Our laboratory concentrates on understanding a central biological pathway, called the Sonic Hedgehog pathway, that controls embryonic development in organisms from the fruit fly to humans. We concentrate on learning the basics of how the pathway functions during normal development: how the protein signaling molecules in the pathway turn on and off at the right time, and how they transmit their signals to cause embryonic cells to mature into specialized cells as the embryo develops into a functioning organism.
We’re exploring this pathway because, besides its basic biological importance, it can play a major role in cancer. For example, 30% of pediatric brain tumors called medulloblastomas have an abnormally activated Sonic Hedgehog pathway. In adults, Hedgehog pathway hyperactivation also causes basal cell carcinoma, the most common skin cancer and one of the most common cancers. So, if we better understand how it functions normally, we can understand how it malfunctions to drive cancer.
Researchers have come a long way in understanding the Sonic Hedgehog pathway since I started my research. At first, all we knew was that there was this biological switch, dubbed the hedgehog protein, that somehow activated a cellular signaling pathway that controlled how cells “decided” to become specialized cells as the embryo developed. However, over the last 15 years or so, our knowledge has really expanded, and now we know how many of the protein switches work; but there is still so much we don’t know.
St. Jude Children’s Research Hospital offers a wonderful research environment to explore those mysteries, both because of its strength in basic research and because of its commitment to understanding how Sonic Hedgehog signaling contributes to cancer. We believe that from our basic understanding will come treatment advances—urgently needed because in the case of medulloblastoma, the current treatments using surgery, radiation and chemotherapy can cause severe side effects.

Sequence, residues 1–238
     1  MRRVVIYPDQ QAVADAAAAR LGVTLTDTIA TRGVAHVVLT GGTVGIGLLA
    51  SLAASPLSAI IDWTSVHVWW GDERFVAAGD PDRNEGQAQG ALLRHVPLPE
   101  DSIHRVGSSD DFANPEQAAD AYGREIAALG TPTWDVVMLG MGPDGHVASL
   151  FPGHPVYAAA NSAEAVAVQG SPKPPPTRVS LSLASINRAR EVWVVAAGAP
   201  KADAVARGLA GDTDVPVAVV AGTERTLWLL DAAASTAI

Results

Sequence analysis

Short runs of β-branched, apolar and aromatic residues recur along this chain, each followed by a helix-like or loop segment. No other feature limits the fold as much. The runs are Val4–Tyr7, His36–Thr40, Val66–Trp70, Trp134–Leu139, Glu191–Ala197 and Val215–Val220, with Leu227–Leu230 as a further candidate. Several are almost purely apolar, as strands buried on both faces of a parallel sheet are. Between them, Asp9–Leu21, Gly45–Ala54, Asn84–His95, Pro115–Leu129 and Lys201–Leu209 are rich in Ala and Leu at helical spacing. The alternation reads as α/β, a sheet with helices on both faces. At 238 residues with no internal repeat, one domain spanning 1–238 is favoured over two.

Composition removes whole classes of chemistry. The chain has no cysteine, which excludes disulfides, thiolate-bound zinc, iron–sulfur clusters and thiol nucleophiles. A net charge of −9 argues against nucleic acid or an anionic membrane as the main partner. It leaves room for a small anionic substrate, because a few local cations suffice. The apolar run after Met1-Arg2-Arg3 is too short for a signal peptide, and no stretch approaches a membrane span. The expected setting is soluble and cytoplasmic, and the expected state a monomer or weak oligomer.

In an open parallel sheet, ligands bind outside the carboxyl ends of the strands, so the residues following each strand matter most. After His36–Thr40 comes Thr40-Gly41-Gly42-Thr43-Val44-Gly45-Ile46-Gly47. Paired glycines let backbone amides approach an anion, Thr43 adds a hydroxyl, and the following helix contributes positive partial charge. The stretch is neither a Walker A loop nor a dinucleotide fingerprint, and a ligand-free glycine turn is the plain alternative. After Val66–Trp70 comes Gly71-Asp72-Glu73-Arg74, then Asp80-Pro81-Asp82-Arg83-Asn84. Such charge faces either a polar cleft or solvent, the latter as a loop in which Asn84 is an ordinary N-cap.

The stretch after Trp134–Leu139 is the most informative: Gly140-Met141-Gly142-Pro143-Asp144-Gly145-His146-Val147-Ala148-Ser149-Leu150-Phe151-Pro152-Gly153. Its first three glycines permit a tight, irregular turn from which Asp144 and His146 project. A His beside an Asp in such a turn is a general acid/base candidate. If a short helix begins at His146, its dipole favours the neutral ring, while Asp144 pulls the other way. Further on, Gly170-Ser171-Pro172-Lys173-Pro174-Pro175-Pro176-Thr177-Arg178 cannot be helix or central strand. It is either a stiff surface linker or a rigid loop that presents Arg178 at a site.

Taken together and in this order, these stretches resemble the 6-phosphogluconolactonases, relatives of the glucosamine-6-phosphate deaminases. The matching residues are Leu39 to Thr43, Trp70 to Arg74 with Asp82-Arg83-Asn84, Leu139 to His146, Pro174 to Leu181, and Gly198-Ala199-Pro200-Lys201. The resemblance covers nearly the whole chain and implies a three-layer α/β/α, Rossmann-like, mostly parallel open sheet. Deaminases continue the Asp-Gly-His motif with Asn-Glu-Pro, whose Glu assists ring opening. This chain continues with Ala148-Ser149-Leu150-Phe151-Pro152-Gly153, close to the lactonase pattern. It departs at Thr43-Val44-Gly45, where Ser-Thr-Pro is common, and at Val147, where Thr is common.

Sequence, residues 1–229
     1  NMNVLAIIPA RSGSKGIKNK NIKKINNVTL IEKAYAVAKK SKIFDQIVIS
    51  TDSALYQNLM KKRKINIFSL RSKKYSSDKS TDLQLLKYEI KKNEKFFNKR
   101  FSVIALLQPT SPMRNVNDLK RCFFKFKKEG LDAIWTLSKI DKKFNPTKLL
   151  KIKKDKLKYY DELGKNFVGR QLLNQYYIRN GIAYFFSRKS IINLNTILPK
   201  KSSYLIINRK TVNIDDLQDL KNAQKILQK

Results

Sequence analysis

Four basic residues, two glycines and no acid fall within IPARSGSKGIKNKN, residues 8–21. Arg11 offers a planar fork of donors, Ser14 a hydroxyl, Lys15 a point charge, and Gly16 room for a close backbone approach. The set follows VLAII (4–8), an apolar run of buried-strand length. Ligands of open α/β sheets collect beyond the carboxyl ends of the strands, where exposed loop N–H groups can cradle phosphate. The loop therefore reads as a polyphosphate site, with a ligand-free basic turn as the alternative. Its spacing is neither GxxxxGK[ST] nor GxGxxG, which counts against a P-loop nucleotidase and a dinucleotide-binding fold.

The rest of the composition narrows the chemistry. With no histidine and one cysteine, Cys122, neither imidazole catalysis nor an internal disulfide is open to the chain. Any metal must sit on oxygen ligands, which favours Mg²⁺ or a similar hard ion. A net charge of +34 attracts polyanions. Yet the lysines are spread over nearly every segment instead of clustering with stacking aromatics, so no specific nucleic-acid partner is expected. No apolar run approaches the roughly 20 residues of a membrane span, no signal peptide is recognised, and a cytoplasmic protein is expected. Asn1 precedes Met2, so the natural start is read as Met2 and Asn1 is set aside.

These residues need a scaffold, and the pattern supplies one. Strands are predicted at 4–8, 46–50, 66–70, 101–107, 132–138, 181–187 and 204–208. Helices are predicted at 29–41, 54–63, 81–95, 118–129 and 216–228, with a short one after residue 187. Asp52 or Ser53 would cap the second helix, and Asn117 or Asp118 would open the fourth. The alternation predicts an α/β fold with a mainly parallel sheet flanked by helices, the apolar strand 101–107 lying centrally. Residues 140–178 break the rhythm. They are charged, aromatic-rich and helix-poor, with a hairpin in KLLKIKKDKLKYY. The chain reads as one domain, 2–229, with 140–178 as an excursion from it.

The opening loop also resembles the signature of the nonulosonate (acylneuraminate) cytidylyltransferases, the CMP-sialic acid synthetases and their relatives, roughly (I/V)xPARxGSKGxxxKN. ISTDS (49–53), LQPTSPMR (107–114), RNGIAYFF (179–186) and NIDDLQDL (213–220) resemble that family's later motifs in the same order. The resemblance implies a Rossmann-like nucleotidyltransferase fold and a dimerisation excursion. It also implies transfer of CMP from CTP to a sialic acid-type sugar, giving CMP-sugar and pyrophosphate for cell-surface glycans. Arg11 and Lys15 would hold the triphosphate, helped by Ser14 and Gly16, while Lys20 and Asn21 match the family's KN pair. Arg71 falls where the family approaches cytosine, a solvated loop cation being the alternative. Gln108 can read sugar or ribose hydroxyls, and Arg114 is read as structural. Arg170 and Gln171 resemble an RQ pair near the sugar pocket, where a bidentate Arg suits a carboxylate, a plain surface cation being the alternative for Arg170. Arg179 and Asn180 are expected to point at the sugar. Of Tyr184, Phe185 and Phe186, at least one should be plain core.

Our latest research, published in the journal eLife, shows the kind of new research insights that could potentially lead to new targeted treatments. In our studies, we explored the regulation of a protein called Dispatched, which functions to deploy Hedgehog signaling molecules from the producing cells to the target cells. Once received by those target cells, Hedgehog proteins activate a set of target genes that are crucial for the embryo’s growth. This communication among cells is critical for the intricate process by which the embryo transforms from a small collection of cells into a complex, functioning organism.
Dispatched is embedded in the signaling cell membrane where it releases Hedgehog ligands from the cell membrane, so they can travel to signal-receiving cells. Our explorations of the Dispatched machinery using cell cultures and fruit flies revealed the first details of how an enzyme called Furin activates Dispatched by cleaving it at a specific point on the molecule.
Understanding Dispatched could have relevance to understanding cancers, because many solid tumors—even if they’re not themselves driven by abnormal hedgehog signaling—secrete Sonic Hedgehog to surrounding cells to make the affected tissue more conducive to the tumor’s growth. So, if we could identify a target for drugs to selectively silence the Dispatched machinery—perhaps by stopping it from being activated by being cleaved—it could cripple tumor growth, but allow healthy cells to continue to thrive.
As with all research, our finding with Dispatched helps us progress to tackle even more mysteries surrounding the Sonic Hedgehog pathway. For example, the development of the embryo requires its cells to be exposed to a gradient of concentrations of Hedgehog signaling molecules to activate appropriate target genes at the correct time and place in a developing tissue for organ development to succeed. Although we know that Dispatched is essential for establishing this Hedgehog gradient, we still don’t know how that works.
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